Maneka frowns on Army ‘animal’ practices

Maneka frowns on Army ‘animal’ practices

Objects to practice of sacrifice by Gorkha unit, airdropping of animals.

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Maneka Gandhi sent letters to Defence Ministry.

The Army has a problem on its plate. Union Minister for Women and Child Development and animal rights activist Maneka Gandhi has objected to two traditions in the forces that, according to her, amount to cruelty to animals.

She has written to Defence Minister Manohar Parrikar that the practice of animal sacrifice in the Gorkha regiment and another of airdropping living animals for regiments posted in inaccessible areas to provide them fresh meat must be stopped. Gandhi had written a similar letter to Parrikar’s predecessor in the ministry, Arun Jaitley, earlier.

The Gorkha regiment has been around since the time of the British, and animal sacrifice has been followed since its inception.


At the same time, the Gurkha brigade in the British Army, a throwback to its Indian days, ended the practice of sacrificing male buffaloes in all its units stationed in Hong Kong and Brunei back in 1973. Similarly, the Gurkha brigade of Nepal allows sacrifice of only one animal for all its men, Army officers said.


In the Indian Army, many top officers, including Chief Dalbir Singh Suhag, belong to the Gorkha regiment. Sources said the Army has urged that its age-old traditions not be tampered with.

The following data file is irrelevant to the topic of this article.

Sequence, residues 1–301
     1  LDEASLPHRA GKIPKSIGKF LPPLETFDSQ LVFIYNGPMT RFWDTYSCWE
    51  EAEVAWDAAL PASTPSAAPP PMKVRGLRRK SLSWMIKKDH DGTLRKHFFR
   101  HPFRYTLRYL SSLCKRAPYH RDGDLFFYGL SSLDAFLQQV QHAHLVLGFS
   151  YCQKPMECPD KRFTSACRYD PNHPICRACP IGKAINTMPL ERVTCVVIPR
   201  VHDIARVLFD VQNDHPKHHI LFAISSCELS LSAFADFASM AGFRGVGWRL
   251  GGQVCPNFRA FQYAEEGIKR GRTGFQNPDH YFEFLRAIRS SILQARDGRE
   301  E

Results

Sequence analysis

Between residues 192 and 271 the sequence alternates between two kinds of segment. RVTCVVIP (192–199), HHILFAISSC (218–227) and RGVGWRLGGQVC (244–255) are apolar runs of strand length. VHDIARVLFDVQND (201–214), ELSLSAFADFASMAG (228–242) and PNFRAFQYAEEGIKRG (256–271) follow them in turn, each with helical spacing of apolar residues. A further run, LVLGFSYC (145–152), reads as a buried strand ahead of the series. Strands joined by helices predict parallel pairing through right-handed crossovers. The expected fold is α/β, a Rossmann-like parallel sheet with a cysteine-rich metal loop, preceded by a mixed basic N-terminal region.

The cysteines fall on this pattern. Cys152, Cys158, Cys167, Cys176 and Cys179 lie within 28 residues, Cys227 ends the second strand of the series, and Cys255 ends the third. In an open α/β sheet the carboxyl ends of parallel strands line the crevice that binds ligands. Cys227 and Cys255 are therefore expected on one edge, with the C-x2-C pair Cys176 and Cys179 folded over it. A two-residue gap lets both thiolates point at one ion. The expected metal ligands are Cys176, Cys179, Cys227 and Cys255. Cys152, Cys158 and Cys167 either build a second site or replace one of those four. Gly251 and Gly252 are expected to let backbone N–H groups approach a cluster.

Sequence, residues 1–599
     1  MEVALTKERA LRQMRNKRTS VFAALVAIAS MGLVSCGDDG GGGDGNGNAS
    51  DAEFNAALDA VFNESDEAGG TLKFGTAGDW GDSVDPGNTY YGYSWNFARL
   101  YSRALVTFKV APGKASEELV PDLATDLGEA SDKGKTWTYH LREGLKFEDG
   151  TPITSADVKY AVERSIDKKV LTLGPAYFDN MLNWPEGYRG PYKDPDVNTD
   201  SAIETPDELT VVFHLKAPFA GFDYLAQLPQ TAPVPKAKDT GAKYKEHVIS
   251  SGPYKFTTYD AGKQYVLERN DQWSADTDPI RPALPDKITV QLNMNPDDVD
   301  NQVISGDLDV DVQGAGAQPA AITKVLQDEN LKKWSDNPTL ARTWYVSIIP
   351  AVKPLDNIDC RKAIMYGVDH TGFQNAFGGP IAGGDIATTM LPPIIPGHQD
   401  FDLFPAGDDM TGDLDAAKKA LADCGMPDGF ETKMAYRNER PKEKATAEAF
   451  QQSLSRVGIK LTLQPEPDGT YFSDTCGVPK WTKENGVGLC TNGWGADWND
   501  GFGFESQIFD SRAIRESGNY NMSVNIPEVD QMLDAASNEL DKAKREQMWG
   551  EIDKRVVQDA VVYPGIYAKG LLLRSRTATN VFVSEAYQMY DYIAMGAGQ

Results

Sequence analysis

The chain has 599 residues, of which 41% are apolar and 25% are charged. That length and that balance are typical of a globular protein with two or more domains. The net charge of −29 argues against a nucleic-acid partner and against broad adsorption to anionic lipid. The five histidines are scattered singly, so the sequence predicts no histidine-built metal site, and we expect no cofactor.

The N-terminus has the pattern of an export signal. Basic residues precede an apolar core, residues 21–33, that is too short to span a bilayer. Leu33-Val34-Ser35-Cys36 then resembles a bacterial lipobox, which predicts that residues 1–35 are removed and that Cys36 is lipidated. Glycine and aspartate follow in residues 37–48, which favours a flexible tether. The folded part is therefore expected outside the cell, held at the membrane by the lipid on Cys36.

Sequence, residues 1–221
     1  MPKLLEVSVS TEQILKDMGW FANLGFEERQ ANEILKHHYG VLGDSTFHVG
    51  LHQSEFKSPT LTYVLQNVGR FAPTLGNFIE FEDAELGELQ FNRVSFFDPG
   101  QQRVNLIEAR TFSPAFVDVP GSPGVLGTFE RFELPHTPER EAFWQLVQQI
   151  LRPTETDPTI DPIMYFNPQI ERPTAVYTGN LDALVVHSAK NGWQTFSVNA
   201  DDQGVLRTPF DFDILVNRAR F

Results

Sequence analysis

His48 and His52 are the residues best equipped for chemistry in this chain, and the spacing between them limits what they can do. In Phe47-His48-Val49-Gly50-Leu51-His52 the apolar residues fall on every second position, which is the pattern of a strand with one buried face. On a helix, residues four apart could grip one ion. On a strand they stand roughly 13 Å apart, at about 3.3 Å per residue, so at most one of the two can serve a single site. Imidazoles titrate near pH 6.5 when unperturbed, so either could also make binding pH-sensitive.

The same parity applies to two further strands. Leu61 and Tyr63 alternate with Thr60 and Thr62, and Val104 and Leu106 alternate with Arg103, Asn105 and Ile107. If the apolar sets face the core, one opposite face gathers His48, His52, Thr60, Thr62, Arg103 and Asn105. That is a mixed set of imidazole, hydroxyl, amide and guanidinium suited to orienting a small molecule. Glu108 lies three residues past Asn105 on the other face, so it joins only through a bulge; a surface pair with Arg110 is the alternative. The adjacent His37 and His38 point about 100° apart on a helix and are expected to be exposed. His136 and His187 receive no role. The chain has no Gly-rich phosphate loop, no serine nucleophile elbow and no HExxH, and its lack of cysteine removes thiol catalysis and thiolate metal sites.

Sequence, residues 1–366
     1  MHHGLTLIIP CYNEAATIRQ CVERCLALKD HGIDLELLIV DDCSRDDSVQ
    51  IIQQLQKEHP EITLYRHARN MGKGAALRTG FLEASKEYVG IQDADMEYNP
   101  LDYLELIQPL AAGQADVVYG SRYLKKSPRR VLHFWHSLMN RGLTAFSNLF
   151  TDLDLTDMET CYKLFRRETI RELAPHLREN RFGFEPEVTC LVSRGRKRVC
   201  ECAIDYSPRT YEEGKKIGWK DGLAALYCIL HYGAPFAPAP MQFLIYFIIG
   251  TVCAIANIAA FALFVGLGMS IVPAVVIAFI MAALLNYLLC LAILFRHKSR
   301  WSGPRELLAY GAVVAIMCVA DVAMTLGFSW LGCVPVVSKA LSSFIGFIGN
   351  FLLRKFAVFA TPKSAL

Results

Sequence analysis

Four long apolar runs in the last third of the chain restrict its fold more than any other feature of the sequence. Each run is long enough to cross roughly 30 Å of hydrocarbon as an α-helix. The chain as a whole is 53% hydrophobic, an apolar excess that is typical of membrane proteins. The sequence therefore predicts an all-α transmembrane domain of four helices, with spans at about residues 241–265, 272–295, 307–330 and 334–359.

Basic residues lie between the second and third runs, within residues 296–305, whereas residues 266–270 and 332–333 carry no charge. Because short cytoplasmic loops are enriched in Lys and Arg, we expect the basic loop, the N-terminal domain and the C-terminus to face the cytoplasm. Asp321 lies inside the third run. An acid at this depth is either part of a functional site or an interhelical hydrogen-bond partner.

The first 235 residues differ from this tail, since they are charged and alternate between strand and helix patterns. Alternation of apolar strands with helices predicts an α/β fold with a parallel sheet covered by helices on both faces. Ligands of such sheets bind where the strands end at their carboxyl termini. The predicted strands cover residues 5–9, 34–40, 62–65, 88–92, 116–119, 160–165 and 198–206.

According to sources, Gandhi’s first letter, sent in July 2014, called the practice “unnecessary”. “The government of Uttarakhand has banned animal sacrifice even for the Army, and the regiments stationed in Uttarakhand have stopped killing animals. Therefore killing animals for sacrifice is not intrinsic to any culture or practice followed by a regiment. Hence it needs to be immediately stopped,” she wrote.

The other practice the minister has sought an end to is officially called ‘meat on hoof’. Started during World War II, it involves dropping live animals from choppers with parachutes strapped on them.

Gandhi has called the practice, followed for border troops, “barbaric”. “It may have had its use during that period when communication and roads were not available, but there is no reason why the animal should be subjected to such cruel practices in present times, especially when pre-packaged meat products are easily available.”

Sources said both Parrikar and Jaitley have sought the Army’s views on the matter.

Neither the Army nor the Ministry of Defence responded to email queries.

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